Additional benefits
In addition to the incredible scientific benefits that are introduced through the creation of the new material, the invention is also resulting in fantastic consequential improvements as well. Because the new material allows for the creation of greater amounts of biomedicines without the need to use large doses of strong chemicals, the environment also wins. And, what’s more, it can be used repeatedly, through several cycles. In fact, researchers at Chalmers suggest that the process can be repeated hundreds of times without negatively impacting the surface.

Making this invention and scientific discovery even more interesting is the fact that researchers have also found that the new polymer material functions within fluids with what is known as a buffering capacity due to its ability to counteract changes in pH values. It’s a characteristic of the new material that not only supports its effectiveness, it also signifies the potential for the development of new techniques that could be used for implants and digitally-released medicines that are administered remotely by way of electronic activation.

Complementing technology
With respect to its potential uses and resulting benefits, Del Castillo says that the possibilities to complement human intervention while also serving to direct and inform practitioners are innumerable.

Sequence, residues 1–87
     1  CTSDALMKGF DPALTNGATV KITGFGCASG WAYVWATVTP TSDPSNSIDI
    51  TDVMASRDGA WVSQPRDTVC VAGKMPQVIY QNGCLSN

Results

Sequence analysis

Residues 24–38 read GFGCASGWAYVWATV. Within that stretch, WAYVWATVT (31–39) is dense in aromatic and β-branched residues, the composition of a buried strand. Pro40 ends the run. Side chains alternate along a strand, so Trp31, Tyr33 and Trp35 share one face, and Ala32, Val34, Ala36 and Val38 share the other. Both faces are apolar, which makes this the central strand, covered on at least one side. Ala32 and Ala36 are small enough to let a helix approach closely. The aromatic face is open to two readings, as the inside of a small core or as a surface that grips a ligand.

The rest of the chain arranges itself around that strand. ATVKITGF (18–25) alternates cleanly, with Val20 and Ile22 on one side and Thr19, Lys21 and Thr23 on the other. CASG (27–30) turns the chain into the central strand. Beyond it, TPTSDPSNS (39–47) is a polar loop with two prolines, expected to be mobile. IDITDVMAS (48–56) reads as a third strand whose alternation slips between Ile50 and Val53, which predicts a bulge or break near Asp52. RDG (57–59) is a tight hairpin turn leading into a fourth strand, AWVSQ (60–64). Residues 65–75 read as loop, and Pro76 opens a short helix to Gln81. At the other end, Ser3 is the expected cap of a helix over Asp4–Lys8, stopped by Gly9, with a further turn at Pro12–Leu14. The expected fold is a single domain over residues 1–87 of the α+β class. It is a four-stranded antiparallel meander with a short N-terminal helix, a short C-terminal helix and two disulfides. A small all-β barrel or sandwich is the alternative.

“You can imagine a doctor, or a computer program, measuring the need for a new dose of medicine in a patient, and a remote-controlled signal activating the release of the drug from the implant located in the very tissue or organ where it’s needed,” he says. “Being able to control the release and uptake of proteins in the body with minimal surgical interventions and without needle injections is, we believe, a unique and useful property. The development of electronic implants is only one of several conceivable applications that are many years into the future. Research that helps us to link electronics with biology at a molecular level is an important piece of the puzzle in such a direction.”

Supporting future discoveries
Beyond these many benefits and potential uses, Del Castillo identifies another massive advantage presented by the new material. Rooted in the fact that the polymer surface of the electrode is extremely thin—only possible to measure in nanometres—its use does not require as much energy as conventional methods, allowing it to immediately respond to the smallest of electrochemical signals.

“Electronics in biological environments is often limited by the size of the battery and the moving mechanical parts,” explains Del Castillo. “Activation at a molecular level reduces both the energy requirement and the need for moving parts.”

Going forward, Del Castillo believes that the team’s discoveries can benefit the development of further new medicines and techniques for administering them. And, it seems as though he may not need to wait long to see his work through to fruition. Over the course of the past year, the results that were yielded from the work of the Chalmers researchers has been leveraged for product development by Nyctea Technologies, with a line of customers awaiting the technology, including some of the world’s leading pharmaceutical companies, already forming.